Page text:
Pomodoro Technique: How to Increase Your Productivity

10 Ways to Boost Your Confidence in the Workplace

Our ability to waste time can be astonishing.

You flip open your laptop first thing with the full intention of taking care of an important task…

Instead, sixty minutes whizz by as you zone out on social media, check multiple email accounts and aimlessly surf. Distraction reigns.

Our working patterns have changed dramatically compared to those of the previous generation who expected (and often held down) a job for life. It’s also more commonplace to bring work home or to work remotely.

Numerous people now combine multiple income streams and are thus juggling a substantial number of different tasks. These need to be managed effectively. Deadlines must be adhered to.

I teach English online, write lots of web copy in a wide range of niches and offer several gigs on micro-sites. For me, like anyone with an atypical working set-up, time-management is vital. Any habits naturally become more ingrained and tougher to break. Sometimes, though, if you keep banging your head against a brick wall… walk around the wall.

What valid tweaks can you implement to enhance productivity? How can you get more done without overexerting yourself further?

Take Affirmative Action

Make some changes to the way in which you perceive work and subsequently change the manner in which you carry it out.

One simple, immediately actionable option if you tend to procrastinate is to explore the Pomodoro Technique.

The capsule summary of this exotically named methodology is work smarter not harder.

This does not mean eschewing tough graft but simply being more productive in the same amount of time.

The Pomodoro Technique was realized by Francesco Cirillo in the late eighties. It’s a time-management procedure based on breaking down your work into short bouts of 25 minutes hard at it broken up by short breaks.

  • Work for 25 minutes
  • Take a break for 5 minutes

It really is that simple.

The time limits need not be rigid. It is not always practical or desirable to stick to precisely 25 minutes of work or to have a break as short as 5 minutes.

Also, rest does not need to be complete rest just a break from the activity you are engaged in. Hit the weight bench or the inversion table if you have a home gym. Get some fresh air. Just do something other than the task at hand and you will return invigorated.

The principles are sound and very easy to summarize:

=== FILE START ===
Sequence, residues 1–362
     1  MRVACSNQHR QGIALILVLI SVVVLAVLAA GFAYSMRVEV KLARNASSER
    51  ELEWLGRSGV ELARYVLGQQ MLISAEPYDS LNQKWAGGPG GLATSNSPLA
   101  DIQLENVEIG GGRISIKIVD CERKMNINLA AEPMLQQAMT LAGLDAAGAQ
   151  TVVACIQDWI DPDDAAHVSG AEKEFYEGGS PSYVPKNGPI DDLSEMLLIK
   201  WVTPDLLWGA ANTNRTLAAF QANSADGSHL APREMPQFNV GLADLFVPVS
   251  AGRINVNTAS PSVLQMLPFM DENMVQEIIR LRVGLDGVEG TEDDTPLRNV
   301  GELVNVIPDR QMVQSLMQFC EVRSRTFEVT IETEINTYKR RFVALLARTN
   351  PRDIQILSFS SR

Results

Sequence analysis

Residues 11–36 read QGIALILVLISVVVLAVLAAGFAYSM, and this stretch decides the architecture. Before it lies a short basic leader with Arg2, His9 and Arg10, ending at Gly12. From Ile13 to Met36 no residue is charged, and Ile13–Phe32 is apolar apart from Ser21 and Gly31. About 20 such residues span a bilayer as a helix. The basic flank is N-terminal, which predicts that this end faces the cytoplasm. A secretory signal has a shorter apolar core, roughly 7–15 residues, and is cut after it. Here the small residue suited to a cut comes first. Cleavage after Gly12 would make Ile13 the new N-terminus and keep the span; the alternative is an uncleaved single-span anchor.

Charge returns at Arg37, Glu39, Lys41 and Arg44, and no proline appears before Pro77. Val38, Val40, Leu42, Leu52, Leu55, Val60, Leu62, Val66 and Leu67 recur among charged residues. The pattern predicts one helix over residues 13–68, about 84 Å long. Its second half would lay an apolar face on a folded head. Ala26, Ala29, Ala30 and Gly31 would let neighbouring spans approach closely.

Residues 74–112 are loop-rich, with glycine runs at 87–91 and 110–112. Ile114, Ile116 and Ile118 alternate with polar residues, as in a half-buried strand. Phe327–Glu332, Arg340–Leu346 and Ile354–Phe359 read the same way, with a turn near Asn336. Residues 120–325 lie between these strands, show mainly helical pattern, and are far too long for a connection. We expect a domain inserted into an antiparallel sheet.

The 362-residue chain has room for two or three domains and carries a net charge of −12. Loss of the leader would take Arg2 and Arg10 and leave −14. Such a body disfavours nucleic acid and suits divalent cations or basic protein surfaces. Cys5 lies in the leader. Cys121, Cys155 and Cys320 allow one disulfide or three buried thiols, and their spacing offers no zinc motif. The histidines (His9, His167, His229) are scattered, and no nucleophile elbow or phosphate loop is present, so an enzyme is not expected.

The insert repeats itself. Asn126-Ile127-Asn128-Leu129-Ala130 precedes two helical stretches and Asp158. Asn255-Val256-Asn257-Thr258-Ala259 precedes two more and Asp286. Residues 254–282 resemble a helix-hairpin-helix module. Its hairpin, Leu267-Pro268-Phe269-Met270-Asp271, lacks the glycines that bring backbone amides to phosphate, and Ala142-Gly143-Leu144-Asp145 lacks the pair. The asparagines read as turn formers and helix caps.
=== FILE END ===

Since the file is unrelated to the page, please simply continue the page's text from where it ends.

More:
• Avoid working for extended periods
  • Take regular breaks

Its basic nature and genuine productivity hiking when properly done means that this approach continues to gain traction.

The Pomodoro Technique has some scientific backing. In 2008, John Caldwell, PhD, analysed pilot fatigue. Brief breaks taken during long flights helped significantly with awareness, alertness and focus. These are all evidently essential qualities for someone flying a plane.

A raft of other studies reveal the benefits of harnessing ultradian Rhythms. We have discrete cycles of peak productivity every day as well as troughs where we experience lowered output.

Research indicates that 90 minutes is pretty much the cut-off point at which a break is truly necessary. After an hour and a half performing any given task unbroken, a longer break of perhaps 20 minutes is ideal.

By making ultradian Rhythms work to our advantage, we can work smarter.

There are many apps such as Team Viz or Focus Booster to assist you with the Pomodoro Technique but you fundamentally do not need an app. Just shoehorn in regular breaks whatever you are doing.

There is absolutely nothing to lose by giving the Pomodoro Technique a crack of the whip. If it doesn’t work then stop using it.

You will be surprised, though, at the likely outcome: you will accomplish more while feeling better into the bargain.


My name is Harry Wilson. I’m the author of www.goodhealthplanning.com. Whether it’s workout routines, diet ideas or a guide to the equipment you need, we’ll help you get in the best shape possible. Follow my twitter: @ghealthplanning

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